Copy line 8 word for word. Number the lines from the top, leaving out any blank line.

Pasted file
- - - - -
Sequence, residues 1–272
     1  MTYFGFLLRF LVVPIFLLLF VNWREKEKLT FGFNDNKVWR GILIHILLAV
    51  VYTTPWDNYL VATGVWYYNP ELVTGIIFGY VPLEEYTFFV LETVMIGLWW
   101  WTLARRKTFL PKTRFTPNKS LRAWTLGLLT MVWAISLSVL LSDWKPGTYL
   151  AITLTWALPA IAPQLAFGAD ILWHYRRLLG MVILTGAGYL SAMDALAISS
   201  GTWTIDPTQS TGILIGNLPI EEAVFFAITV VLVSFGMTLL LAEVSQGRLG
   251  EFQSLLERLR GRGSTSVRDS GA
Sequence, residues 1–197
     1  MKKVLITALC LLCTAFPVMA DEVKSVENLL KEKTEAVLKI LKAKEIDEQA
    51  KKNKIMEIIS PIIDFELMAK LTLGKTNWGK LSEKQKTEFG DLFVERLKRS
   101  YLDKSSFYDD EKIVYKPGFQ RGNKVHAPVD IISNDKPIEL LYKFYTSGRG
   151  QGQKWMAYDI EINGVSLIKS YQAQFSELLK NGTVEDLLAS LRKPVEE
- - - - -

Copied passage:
Sequence, residues 1–197